The popular belief that supports the 'fit but fat' theory, has recently got a setback. New research challenges the notion that you can be fat and medically fit at the same time, finding that being active can lower but not eliminate medical risks like heart attacks and other complications, faced by heavy women.
Previous research has gone back and forth on whether exercise or weight has a greater influence on heart disease risks.
The new study involving nearly 39,000 women helps sort out the combined effects of physical activity and body mass on women's chances of developing heart disease.
The study by Harvard-affiliated researchers appeared in the Archives of Internal Medicine.
Participants were women aged 54 on average who filled out a questionnaire at the study's start, detailing their height, weight and amount of weekly physical activity in the past year, including walking, jogging, bicycling and swimming. They were then tracked for about 11 years. Overall 948 women developed heart disease.
In the study, women were considered active if they followed recommended guidelines and got at least 30 minutes of moderate activity most days of the week, including brisk walking or jogging. Women who got less exercise than that were considered inactive.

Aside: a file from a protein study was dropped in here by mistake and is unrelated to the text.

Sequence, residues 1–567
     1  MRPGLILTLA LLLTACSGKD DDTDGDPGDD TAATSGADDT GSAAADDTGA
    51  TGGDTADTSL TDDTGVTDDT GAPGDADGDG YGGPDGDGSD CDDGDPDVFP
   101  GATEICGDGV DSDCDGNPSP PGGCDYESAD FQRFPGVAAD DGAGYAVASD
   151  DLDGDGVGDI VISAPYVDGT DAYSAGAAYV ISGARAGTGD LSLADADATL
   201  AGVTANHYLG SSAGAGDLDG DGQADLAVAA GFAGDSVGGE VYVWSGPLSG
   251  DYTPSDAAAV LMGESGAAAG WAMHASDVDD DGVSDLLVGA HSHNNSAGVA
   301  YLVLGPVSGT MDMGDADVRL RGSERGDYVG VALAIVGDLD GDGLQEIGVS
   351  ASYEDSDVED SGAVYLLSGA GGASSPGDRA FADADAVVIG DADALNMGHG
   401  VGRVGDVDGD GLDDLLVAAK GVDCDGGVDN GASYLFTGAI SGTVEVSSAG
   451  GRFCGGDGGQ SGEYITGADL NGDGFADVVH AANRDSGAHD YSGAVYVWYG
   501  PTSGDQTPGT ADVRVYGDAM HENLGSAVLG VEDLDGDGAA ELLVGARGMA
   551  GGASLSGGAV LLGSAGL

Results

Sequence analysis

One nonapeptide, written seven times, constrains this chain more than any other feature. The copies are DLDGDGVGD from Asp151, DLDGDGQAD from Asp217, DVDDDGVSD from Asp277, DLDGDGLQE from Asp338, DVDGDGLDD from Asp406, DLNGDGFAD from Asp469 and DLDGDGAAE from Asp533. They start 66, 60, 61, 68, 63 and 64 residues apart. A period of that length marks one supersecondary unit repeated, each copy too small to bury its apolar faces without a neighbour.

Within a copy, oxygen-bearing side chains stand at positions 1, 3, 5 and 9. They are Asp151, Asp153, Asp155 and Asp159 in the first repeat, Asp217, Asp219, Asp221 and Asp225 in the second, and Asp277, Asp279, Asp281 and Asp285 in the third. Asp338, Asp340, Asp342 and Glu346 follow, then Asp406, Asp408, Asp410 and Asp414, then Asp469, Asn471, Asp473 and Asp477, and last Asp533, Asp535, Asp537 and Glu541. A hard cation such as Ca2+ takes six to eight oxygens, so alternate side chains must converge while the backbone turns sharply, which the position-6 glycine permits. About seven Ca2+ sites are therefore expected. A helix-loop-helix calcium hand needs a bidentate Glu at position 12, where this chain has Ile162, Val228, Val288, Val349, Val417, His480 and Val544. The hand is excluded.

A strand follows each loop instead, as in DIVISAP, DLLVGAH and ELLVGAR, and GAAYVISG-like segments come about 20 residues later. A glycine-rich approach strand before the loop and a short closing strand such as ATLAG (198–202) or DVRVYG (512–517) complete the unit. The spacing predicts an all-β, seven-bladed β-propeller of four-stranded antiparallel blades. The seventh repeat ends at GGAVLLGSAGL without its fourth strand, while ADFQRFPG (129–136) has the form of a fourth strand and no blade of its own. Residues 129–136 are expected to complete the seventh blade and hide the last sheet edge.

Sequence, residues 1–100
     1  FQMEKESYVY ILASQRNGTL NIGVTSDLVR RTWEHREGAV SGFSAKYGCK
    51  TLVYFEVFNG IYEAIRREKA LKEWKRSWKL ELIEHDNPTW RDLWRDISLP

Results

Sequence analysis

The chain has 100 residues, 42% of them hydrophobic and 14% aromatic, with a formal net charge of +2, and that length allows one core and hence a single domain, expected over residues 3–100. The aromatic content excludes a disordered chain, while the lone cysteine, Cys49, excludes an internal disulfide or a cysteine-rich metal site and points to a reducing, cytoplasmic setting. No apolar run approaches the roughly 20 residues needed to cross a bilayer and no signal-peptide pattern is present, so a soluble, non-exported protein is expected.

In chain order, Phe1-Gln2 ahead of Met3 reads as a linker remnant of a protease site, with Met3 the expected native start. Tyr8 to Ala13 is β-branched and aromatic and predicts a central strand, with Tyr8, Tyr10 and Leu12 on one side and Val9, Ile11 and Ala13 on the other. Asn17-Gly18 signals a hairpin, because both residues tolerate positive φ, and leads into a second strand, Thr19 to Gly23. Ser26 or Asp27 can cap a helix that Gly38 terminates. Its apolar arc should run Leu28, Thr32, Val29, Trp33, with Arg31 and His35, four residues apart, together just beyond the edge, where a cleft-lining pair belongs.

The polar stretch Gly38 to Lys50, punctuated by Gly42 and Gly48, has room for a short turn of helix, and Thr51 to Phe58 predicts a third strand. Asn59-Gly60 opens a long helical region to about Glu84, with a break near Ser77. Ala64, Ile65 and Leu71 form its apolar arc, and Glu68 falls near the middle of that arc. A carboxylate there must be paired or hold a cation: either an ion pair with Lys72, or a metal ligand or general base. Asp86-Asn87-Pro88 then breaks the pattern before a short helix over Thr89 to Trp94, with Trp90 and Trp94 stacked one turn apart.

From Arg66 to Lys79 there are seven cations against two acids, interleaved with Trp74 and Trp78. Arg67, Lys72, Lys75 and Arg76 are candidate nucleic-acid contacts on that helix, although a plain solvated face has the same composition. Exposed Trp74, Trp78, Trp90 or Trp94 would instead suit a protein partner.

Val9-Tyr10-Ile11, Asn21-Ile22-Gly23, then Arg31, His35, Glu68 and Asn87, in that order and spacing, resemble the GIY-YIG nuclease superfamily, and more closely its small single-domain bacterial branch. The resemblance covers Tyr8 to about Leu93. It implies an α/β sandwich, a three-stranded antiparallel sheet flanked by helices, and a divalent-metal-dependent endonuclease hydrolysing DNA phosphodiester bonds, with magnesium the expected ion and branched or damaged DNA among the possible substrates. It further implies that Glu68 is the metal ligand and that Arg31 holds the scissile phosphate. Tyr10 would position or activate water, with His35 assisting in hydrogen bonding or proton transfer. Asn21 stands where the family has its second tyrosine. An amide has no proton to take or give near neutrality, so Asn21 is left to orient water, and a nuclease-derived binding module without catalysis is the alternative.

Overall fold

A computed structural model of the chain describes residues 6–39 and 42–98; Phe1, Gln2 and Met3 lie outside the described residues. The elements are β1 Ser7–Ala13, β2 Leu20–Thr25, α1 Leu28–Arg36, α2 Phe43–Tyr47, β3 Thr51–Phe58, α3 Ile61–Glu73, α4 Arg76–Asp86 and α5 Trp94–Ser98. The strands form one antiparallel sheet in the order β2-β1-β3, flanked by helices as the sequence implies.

Weight was evaluated by body mass index: A BMI between 25 and 29 is considered overweight, while obese is 30 and higher.
It was found that compared with normal-weight active women, the risk for developing heart disease was 54 percent higher in overweight active women and 87 percent higher in obese active women. By contrast, it was 88 percent higher in overweight inactive women; and 2.5 times greater in obese inactive women.
Women over 50, who eventually develop heart attacks or other cardiovascular problems, excess weight can raise those odds in many ways, by increasing blood pressure and risks for diabetes, and by worsening cholesterol. But exercise counteracts all three to some extent – it was observed.
"It is reassuring to see that physical activity really does make an impact," said lead author
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